Maintaining Your Social Capital Social media have greatly reduced the cost of maintenance and Maintaining Your Social Capital Social media have greatly reduced the cost of maintenance and acquisition of social capital. 1: D - 14(45) Aspects of Demand for Experience Goods

Interdependent Demands Network Effects: Utility of person i depends directly on joint consumption with Interdependent Demands Network Effects: Utility of person i depends directly on joint consumption with other people. Bandwagon Effects: Person i’s demand depends on the perceived demand of others 1: D - 15(45) Aspects of Demand for Experience Goods

Network Externalities · · Utility from use of a good by a person depends Network Externalities · · Utility from use of a good by a person depends on the total number of people using the good. c(i) = consumption of the good or service U[c(i)] = f[c(i), income, other goods, c(j), c(k), …] Applications: · · Telegraph, Telephone, Fax, Cellular phone Operating system, Word processor, etc. Social network – Facebook, Linked. In, Twitter, Whats. App Implications: · Monopoly. Natural? Desirable? · This monopoly is demand based, not supply. 1: D - 16(45) Aspects of Demand for Experience Goods

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Interactive gaming 1: D - 18(45) Aspects of Demand for Experience Goods Interactive gaming 1: D - 18(45) Aspects of Demand for Experience Goods

Facebook p The product n Information Sharing n Virtual Community p It’s not just Facebook p The product n Information Sharing n Virtual Community p It’s not just for the fun of it. n Advertising sales n Valuation 1: D - 19(45) Aspects of Demand for Experience Goods

Implications of Network Externalities · Early applications: Utilities · Natural monopoly · Supply side Implications of Network Externalities · Early applications: Utilities · Natural monopoly · Supply side based – refining technologies for Standard Oil · Modern Applications: Operating systems, Word processor, etc. (Note existence of Windows emulators for Mac, but no Mac. OS emulators for Windows computers) · Social network – Facebook, Linked. In, Twitter, Whats. App · · Implications: · Rapid growth – vast economies of scale · Monopoly. · · 1: D - 20(45) Natural? Desirable? (The European Commission dislikes Google. ) This monopoly is demand based, not supply. Aspects of Demand for Experience Goods

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$19, 000, 000 What did Facebook buy? 1: D - 22(45) Aspects of Demand $19, 000, 000 What did Facebook buy? 1: D - 22(45) Aspects of Demand for Experience Goods

Bandwagon Effects The bandwagon effect is a psychological phenomenon whereby people do something primarily Bandwagon Effects The bandwagon effect is a psychological phenomenon whereby people do something primarily because other people are doing it, regardless of their own beliefs, which they may ignore or override. The bandwagon effect has wide implications, but is commonly seen in politics and consumer behavior. 1: D - 23(45) Aspects of Demand for Experience Goods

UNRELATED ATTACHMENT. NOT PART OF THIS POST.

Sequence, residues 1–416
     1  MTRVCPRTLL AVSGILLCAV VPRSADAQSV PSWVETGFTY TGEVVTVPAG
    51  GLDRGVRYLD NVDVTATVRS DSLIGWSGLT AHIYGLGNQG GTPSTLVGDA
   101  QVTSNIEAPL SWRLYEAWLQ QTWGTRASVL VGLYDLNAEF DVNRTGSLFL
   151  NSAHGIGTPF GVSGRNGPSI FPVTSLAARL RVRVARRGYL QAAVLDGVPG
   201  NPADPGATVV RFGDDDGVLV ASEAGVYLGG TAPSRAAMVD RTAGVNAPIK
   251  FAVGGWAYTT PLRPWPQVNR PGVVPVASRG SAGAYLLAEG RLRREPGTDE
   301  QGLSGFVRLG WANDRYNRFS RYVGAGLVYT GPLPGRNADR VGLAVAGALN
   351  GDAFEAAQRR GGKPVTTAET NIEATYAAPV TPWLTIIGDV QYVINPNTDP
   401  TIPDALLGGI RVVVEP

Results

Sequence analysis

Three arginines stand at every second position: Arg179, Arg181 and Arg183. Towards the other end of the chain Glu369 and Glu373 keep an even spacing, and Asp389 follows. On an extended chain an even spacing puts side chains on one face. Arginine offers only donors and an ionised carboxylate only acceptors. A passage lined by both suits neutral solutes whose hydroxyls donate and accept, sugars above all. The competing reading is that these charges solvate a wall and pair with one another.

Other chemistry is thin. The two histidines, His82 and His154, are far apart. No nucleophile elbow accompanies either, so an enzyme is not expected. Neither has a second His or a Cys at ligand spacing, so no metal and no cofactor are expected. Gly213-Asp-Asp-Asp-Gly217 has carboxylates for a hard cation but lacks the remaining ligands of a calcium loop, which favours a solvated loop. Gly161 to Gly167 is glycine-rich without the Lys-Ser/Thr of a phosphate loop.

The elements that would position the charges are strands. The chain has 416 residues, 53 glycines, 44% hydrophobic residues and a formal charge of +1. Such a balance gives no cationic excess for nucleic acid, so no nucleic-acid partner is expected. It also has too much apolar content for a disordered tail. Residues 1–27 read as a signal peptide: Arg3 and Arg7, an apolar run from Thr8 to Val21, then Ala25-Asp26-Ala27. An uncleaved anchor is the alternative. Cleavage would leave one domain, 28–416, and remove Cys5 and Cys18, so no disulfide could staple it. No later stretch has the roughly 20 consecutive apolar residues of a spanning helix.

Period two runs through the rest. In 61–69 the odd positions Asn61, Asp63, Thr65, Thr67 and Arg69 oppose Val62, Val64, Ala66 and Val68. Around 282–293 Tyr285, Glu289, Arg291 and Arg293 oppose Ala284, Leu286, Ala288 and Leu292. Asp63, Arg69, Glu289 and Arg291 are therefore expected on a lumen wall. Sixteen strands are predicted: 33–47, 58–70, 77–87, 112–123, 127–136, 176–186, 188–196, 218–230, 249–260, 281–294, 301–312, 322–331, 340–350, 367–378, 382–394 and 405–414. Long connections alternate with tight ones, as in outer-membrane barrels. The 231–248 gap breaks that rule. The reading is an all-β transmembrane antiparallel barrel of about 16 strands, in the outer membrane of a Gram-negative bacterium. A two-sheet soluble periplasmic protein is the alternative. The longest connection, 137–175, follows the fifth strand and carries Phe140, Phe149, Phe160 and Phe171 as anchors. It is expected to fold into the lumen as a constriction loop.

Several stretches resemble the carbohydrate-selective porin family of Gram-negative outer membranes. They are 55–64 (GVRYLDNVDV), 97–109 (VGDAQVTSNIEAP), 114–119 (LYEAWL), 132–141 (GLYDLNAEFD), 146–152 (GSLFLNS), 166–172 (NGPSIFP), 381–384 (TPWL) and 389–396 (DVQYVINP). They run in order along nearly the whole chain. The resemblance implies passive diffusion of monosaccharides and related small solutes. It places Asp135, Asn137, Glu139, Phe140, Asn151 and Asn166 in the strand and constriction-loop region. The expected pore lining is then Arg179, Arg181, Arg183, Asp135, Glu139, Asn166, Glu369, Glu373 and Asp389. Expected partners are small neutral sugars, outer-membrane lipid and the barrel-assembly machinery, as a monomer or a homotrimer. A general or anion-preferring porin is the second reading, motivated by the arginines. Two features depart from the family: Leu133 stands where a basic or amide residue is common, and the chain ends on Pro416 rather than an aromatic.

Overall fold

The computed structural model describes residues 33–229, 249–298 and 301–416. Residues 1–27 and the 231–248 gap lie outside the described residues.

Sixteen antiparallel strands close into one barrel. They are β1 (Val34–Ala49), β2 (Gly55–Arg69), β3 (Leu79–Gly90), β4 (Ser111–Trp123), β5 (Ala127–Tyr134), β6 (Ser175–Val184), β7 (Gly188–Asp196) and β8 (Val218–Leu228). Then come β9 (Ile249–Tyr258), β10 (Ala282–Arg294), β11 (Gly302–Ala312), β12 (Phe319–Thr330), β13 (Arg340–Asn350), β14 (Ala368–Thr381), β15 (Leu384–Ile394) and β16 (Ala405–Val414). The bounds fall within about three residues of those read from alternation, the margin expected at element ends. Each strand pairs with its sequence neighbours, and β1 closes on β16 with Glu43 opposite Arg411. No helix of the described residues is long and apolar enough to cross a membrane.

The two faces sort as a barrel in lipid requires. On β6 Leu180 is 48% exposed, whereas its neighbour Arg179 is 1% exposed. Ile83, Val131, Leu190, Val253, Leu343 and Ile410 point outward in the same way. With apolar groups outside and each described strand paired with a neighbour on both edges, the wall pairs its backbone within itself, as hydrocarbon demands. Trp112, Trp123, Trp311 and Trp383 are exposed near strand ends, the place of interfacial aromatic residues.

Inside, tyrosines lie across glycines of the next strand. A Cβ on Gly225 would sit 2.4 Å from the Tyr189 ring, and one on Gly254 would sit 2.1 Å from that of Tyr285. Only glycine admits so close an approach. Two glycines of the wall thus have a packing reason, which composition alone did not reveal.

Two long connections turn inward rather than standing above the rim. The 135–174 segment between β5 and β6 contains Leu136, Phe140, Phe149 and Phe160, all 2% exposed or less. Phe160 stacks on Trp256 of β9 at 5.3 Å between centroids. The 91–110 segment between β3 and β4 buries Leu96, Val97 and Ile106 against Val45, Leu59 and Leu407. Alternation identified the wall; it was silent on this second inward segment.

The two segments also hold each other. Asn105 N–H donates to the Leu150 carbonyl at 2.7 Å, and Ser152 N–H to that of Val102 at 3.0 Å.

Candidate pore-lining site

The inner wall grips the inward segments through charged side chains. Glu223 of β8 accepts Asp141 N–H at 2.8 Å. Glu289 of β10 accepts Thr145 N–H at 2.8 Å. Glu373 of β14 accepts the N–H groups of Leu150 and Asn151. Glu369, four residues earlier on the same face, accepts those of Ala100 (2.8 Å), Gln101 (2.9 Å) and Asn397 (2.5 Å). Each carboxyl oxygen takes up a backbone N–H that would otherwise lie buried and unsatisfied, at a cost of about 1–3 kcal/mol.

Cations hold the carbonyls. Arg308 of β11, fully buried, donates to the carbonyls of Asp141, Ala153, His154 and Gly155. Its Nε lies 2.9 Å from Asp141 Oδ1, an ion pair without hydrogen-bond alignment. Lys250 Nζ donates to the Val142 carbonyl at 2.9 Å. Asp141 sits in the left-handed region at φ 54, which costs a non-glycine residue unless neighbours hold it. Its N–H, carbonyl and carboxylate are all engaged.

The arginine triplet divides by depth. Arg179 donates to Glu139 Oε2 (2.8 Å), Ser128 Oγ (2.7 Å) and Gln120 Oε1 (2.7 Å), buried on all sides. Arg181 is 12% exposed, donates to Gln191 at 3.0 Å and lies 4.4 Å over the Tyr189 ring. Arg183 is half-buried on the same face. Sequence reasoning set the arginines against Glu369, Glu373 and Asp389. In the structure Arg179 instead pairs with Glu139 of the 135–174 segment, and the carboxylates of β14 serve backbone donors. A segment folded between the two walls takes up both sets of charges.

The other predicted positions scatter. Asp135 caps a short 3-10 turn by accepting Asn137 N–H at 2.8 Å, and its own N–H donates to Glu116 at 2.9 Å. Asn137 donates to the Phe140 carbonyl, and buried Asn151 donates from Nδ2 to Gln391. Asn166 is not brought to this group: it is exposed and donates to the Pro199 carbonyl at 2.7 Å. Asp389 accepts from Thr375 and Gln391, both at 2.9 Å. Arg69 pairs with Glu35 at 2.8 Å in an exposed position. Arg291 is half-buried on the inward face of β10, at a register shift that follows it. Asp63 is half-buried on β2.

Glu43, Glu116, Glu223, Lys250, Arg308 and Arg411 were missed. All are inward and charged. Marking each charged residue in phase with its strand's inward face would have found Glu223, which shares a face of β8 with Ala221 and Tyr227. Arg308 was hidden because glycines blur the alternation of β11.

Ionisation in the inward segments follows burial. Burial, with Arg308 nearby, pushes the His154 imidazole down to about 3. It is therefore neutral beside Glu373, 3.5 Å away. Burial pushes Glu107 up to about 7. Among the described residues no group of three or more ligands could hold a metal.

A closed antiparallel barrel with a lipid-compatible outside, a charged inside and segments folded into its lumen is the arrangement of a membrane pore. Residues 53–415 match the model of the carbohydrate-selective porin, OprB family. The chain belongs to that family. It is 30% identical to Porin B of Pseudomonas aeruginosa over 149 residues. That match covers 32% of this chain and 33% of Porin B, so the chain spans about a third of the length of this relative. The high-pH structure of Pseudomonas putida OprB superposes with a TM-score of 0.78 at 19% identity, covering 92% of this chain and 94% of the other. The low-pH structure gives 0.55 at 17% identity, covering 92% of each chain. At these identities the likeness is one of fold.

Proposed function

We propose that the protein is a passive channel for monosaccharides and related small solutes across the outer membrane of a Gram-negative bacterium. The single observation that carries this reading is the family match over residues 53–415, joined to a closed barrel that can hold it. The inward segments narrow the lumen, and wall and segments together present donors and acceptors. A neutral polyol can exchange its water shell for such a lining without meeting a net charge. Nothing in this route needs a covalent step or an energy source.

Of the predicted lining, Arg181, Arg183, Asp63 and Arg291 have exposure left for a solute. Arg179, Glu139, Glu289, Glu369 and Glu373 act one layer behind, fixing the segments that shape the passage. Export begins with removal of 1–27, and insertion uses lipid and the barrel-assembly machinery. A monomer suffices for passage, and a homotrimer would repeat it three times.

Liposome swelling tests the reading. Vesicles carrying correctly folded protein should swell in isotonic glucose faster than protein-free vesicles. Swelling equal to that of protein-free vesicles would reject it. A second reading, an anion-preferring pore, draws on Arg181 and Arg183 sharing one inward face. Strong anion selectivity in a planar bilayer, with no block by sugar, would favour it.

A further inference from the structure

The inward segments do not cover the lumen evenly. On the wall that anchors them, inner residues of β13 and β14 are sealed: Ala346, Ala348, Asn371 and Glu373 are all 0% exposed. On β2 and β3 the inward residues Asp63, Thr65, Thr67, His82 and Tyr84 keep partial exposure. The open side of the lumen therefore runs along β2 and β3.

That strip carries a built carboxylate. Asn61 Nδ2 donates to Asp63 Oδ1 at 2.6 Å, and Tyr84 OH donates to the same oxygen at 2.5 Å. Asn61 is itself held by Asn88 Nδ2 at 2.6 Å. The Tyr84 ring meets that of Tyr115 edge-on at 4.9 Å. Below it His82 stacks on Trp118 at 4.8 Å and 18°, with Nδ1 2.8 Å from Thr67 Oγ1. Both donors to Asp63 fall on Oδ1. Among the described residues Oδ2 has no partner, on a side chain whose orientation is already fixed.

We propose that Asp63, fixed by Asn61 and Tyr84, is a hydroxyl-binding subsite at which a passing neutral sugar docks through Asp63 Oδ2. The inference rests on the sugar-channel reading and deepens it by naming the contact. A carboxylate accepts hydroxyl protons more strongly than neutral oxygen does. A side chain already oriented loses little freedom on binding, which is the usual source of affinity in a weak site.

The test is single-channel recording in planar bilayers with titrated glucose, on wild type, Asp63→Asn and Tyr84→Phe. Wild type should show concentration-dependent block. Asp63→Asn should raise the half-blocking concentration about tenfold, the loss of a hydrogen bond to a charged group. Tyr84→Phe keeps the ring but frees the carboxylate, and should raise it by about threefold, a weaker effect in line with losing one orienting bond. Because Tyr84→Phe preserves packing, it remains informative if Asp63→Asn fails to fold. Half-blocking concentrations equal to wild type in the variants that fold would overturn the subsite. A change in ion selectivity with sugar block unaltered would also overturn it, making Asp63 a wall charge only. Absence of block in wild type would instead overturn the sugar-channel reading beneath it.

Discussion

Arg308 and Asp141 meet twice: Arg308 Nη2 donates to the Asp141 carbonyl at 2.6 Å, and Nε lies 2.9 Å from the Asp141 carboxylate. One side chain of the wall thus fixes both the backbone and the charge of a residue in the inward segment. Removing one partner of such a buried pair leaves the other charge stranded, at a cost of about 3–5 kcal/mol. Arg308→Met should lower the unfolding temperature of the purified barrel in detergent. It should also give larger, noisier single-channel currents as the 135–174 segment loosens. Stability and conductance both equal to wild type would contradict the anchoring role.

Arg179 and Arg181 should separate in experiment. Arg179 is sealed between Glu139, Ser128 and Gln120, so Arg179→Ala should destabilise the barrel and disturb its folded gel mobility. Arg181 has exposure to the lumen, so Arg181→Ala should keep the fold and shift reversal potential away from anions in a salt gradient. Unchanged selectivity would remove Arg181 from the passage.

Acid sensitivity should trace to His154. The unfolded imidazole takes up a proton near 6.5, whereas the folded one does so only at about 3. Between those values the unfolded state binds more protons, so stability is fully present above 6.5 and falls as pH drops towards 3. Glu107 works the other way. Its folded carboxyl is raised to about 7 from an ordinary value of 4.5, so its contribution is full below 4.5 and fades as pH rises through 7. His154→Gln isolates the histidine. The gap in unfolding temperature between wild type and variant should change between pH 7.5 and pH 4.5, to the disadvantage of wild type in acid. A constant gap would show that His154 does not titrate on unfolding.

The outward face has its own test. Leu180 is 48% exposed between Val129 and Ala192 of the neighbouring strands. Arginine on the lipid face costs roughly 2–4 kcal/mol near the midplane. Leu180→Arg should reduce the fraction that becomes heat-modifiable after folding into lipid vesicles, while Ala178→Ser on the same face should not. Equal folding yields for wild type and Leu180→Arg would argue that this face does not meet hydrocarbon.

Bandwagon Effect Bandwagon effects: Person i’s demand depends on the perceived demand of others Bandwagon Effect Bandwagon effects: Person i’s demand depends on the perceived demand of others · · d(i) = f [price, other prices, Income, jd(j)] Amount demanded depends on the amount others have purchased (or are believed to have purchased) Applications · · · Bestsellers (books, music) Blockbuster movies (Star Wars) Electronic innovations (i. Phone 6) This (every) year’s hot toy (Furby) Others? 1: D - 24(45) Aspects of Demand for Experience Goods

Implications of the Bandwagon Theory Elasticity of demand increases as sales increase (1) Demand Implications of the Bandwagon Theory Elasticity of demand increases as sales increase (1) Demand shifts outward as buyers see aggregate sales rise. (It shifts outward because it shifts outward. ) (2) Lowering the price brings larger benefits (in terms of increased sales) than it would otherwise. (3) Advertising to increase demand is likely to be more effective than it would be otherwise. The success of advertisting is leveraged. 1: D - 25(45) Aspects of Demand for Experience Goods

Extreme Case: Concerts i d(i) = i d(i)[price, other prices, Income, D] D = Extreme Case: Concerts i d(i) = i d(i)[price, other prices, Income, D] D = total demanded (observed by the consumer) Ø Total demand depends on observed total demand Ø Effect can appear to produce positive relation between price and quantity. (Note, not a “demand curve. ”) Ø For the concert, MC = 0 (or close to it) Ø End result: Profit = revenue maximization may occur with excess demand (fans outside the facility) Ø 1: D - 26(45) Aspects of Demand for Experience Goods

Excess Demand is Great for Concert Demand A 1998 Spice Girls concert at the Excess Demand is Great for Concert Demand A 1998 Spice Girls concert at the Garden sold out within minutes. Paul Mc. Cartney’s (April, 2002) concert in Madison Square Garden was sold out within two hours of the opening of the box office. A representative of the Garden was asked what the effect of doubling the $50 - $150 ticket price would be. Her reply: “It probably would have taken three hours to sell out. ” In the 2007 Reunion Tour: A subsequent Dec. 15 one-off show at London's O 2 Arena sold out in 38 seconds. 1: D - 27(45) Aspects of Demand for Experience Goods

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Rationalizing Bandwagons by Asymmetric Information and Choice Strategy Such bandwagon effects are not necessarily Rationalizing Bandwagons by Asymmetric Information and Choice Strategy Such bandwagon effects are not necessarily irrational. Often, the buyer knows less about a product than the seller; the collective wisdom of the crowd can correct for such “asymmetric information”. It can also be a way of coping with a surplus of choice: rather than study 100 models of music player, why not assume the market has already figured out the duds? Read the online reviews. 1: D - 29(45) Aspects of Demand for Experience Goods

Cascades and Experience Goods Why are experience goods susceptible to herding, cascades and fads? Cascades and Experience Goods Why are experience goods susceptible to herding, cascades and fads? p Can’t assess quality without consuming n n p Limited value of advertising Inherent uncertainty in consumption Social capital aspect of consumption n Network effects n p Membership and social standing Sources of outside information – critics and certifiers n n Riskiness of critical information – upward bias of reviews What role do prizes play? (Oscars, MTV Video Awards? ) 1: D - 30(45) Aspects of Demand for Experience Goods